Senators condemn O’Keeffe over NUI dissolution

NUI senator Joe O’Toole described the lack of consultation with the Senate over proposals to dissolve the National Universiy of Ireland as “a completely unacceptable move” on the Education Minister’s behalf.

Speaking to The University Observer, Senator O’Toole expressed his confidence that the NUI would remain in existence in some form, citing the current constitutional situation, and predicted that the government would choose to retain the NUI in a token umbrella role rather than legislate for Seanad reform. Senator O’Toole also said that “recognition must be given to the extraordinary contribution the NUI has made to Irish economic growth over the past hundred years.”

Senator O’Toole was joined in his censure by Senator David Norris, a current Trinity College senator, who agreed that the abolition was an anticonstructive move, describing the proposal as “ludicrous” and expressing doubt that the move would result in any government savings.

Minister for Education and Science, Batt O’Keeffe stated that he intends to tackle the issue of Seanad reform in its entirety, and would work with the Minister for the Environment, Heritage and Local Government, John Gormley TD.

The proposal to dissolve the NUI has met with mixed reactions among member universities and the NUI’s senators. Minister O’Keeffe has cited the establishment of an amalgamated qualifications and quality assurance agency for higher education as the basis for his decision, announced two weeks ago. The Minister also stated that he felt the NUI is currently unsustainable. The NUI is comprised of four constitutent universities: UCD, University College Cork, NUI Galway, and NUI Maynooth.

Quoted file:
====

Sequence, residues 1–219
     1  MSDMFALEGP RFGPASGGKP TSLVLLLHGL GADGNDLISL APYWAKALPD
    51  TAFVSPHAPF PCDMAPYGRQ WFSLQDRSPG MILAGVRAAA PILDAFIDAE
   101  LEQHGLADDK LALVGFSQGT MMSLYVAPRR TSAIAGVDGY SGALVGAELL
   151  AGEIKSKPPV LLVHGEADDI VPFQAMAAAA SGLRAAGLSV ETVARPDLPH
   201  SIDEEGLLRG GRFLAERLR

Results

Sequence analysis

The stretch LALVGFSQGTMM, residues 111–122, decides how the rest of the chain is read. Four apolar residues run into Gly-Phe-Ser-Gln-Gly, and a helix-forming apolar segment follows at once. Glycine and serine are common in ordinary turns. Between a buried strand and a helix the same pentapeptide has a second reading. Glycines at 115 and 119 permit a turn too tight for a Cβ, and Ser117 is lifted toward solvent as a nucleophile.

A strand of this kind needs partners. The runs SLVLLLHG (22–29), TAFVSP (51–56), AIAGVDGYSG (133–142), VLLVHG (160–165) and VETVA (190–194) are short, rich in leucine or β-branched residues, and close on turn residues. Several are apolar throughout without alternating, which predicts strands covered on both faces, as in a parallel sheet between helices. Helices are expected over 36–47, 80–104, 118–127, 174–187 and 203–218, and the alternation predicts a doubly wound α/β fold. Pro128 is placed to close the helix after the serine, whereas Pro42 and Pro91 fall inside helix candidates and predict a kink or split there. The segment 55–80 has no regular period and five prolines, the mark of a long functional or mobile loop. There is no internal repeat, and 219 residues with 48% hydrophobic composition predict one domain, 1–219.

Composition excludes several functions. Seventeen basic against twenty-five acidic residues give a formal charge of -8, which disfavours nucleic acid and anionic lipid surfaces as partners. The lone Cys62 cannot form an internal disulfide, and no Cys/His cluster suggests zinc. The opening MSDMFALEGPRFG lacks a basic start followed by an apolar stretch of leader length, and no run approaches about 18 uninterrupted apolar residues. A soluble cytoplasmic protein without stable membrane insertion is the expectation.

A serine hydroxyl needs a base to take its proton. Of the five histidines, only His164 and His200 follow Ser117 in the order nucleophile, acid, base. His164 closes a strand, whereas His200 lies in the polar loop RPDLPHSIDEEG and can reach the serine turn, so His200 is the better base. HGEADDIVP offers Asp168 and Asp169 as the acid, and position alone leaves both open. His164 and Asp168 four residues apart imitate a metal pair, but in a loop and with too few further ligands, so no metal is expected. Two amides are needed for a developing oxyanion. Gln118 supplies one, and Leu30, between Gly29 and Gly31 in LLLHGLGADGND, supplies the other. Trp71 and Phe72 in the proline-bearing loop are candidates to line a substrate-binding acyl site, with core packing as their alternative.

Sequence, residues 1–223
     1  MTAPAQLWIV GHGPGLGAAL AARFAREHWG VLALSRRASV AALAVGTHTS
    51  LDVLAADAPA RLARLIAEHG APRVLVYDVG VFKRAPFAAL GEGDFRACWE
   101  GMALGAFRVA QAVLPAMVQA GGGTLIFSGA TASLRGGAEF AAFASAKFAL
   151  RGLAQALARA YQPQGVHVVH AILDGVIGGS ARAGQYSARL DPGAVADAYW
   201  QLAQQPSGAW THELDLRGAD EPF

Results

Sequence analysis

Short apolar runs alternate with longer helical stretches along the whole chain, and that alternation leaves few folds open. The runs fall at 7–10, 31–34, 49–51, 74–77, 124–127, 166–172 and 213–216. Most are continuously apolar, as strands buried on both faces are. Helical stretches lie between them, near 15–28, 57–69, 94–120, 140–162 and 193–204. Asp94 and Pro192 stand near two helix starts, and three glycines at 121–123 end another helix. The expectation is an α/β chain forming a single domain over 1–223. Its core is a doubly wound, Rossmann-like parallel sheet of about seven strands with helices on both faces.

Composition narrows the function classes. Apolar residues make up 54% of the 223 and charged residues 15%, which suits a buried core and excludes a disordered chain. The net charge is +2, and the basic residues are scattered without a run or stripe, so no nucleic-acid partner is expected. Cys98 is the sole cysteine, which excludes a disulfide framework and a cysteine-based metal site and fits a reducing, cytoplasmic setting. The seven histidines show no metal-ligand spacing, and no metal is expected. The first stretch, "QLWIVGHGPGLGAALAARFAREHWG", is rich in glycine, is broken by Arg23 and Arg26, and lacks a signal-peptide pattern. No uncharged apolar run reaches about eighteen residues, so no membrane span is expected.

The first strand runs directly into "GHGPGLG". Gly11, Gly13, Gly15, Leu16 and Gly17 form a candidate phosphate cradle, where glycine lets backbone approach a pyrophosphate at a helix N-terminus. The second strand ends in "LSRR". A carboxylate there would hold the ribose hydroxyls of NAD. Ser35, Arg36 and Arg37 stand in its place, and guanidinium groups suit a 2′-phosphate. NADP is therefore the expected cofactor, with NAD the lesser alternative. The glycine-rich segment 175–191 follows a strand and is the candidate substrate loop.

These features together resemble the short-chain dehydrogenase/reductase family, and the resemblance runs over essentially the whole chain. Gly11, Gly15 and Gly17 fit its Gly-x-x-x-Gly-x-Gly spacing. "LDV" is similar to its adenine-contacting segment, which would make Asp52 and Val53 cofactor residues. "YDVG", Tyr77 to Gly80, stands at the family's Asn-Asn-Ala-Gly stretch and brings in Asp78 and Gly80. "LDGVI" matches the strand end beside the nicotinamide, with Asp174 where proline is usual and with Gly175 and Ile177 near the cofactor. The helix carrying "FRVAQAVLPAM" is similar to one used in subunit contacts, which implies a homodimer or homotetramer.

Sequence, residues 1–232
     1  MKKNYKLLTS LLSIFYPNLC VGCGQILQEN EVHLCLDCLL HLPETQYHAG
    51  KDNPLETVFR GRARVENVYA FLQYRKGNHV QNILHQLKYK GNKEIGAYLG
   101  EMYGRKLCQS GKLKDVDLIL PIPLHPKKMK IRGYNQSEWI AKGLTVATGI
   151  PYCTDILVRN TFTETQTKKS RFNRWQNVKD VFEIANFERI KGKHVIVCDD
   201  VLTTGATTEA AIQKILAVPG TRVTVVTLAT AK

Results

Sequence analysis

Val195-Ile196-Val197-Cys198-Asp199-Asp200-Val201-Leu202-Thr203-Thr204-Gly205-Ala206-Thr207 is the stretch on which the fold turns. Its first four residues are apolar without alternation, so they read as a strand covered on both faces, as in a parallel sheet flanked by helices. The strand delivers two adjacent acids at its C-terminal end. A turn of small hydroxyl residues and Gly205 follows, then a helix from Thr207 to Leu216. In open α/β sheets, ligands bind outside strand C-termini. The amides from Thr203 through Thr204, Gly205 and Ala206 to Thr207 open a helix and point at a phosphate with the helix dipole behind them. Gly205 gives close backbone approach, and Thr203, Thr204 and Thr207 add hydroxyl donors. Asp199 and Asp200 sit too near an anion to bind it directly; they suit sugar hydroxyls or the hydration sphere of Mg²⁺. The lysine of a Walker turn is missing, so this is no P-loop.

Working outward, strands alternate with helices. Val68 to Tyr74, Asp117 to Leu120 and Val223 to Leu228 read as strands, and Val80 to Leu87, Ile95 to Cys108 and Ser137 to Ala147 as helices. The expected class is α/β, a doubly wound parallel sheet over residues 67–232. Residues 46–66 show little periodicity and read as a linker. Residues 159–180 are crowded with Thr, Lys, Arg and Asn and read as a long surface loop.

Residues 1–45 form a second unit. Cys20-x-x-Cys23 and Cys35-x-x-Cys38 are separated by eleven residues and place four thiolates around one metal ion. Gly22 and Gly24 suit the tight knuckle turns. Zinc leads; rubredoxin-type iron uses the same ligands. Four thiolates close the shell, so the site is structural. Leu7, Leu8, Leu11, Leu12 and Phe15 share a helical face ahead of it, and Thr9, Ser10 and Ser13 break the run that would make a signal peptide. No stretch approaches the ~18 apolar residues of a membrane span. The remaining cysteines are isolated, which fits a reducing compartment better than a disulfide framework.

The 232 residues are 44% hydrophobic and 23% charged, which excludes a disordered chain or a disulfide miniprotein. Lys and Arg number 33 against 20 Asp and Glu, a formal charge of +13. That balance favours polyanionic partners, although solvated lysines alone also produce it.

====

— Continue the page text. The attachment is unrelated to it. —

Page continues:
Abolishing the NUI had been recommended by An Bord Snip Nua, chaired by UCD economist Dr Colm McCarthy, which estimated that the move could save the Irish government in the region of €3m per annum. O’Keeffe has stated, however, that the decision had been made for the sake of re-organising and streamlining a quality assurance agency for higher education, and conceded that no financial gain would be made from this move.

NUI Chancellor Dr Maurice Manning expressed his bitter disappointment at the proposed abolition, explaining that the dissolution of the NUI would impact negatively on higher education in Ireland.

UCD President Dr Hugh Brady said that “the constituent universities will be seeking clarification on the form of legislation that the Minister has in mind”, but said that UCD and the other constitutent universities were confident that “it will be possible to work with Government to come up with a solution that protects the integrity and international reputation of the NUI degree.”

The proposed abolition has led to renewed calls for reform of the membership of Seanad Éireann, to which graduates from NUI and Trinity College elect three members each. Though a Constitutional referendum in 1979 permits the government to enact legislation allowing graduates of other institutions to elect members to the Seanad, no such act has been passed. It is understood that a full abolition of the NUI would require the government to introduce legislation in this regard, paving the way for graduates of other universities such as DCU to elect senators.